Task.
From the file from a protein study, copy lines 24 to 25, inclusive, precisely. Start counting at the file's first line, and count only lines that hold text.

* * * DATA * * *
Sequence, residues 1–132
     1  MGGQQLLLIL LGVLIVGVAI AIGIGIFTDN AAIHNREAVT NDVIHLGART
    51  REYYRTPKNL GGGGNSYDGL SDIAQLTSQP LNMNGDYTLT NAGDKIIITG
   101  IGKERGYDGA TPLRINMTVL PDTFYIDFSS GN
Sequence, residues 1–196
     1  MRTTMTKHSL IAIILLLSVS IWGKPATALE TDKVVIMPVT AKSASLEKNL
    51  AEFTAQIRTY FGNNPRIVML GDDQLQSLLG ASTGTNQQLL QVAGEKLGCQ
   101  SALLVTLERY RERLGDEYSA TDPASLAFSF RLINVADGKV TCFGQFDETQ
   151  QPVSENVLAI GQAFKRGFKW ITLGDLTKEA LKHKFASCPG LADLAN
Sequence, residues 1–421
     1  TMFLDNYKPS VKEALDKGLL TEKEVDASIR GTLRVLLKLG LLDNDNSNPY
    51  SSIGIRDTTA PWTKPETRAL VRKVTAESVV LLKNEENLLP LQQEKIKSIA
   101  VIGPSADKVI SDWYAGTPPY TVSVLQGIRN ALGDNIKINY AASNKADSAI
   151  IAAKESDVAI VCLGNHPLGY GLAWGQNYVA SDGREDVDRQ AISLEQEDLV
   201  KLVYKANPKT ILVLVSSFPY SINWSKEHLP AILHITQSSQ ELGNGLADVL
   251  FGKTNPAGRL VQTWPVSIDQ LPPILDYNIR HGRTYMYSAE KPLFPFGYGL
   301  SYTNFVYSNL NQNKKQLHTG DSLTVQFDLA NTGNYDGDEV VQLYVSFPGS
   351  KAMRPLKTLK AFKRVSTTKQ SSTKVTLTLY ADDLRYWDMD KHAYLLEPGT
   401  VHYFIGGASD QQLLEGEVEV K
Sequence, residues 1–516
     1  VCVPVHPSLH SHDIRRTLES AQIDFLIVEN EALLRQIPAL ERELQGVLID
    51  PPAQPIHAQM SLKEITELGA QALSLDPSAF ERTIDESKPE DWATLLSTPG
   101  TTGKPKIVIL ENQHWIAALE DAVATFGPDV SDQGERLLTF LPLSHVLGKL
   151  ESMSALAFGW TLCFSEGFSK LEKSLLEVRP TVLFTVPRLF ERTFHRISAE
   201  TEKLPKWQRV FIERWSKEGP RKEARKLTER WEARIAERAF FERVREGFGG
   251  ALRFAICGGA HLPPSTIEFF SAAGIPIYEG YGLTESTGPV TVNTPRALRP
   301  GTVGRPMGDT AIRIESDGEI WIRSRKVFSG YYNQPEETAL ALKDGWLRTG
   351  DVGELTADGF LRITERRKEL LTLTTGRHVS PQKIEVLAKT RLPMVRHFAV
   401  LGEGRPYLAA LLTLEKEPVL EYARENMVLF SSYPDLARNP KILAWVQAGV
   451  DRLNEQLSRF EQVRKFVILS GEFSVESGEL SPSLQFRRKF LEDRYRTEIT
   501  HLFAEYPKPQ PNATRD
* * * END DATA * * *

   151  ESMSALAFGW TLCFSEGFSK LEKSLLEVRP TVLFTVPRLF ERTFHRISAE
   201  TEKLPKWQRV FIERWSKEGP RKEARKLTER WEARIAERAF FERVREGFGG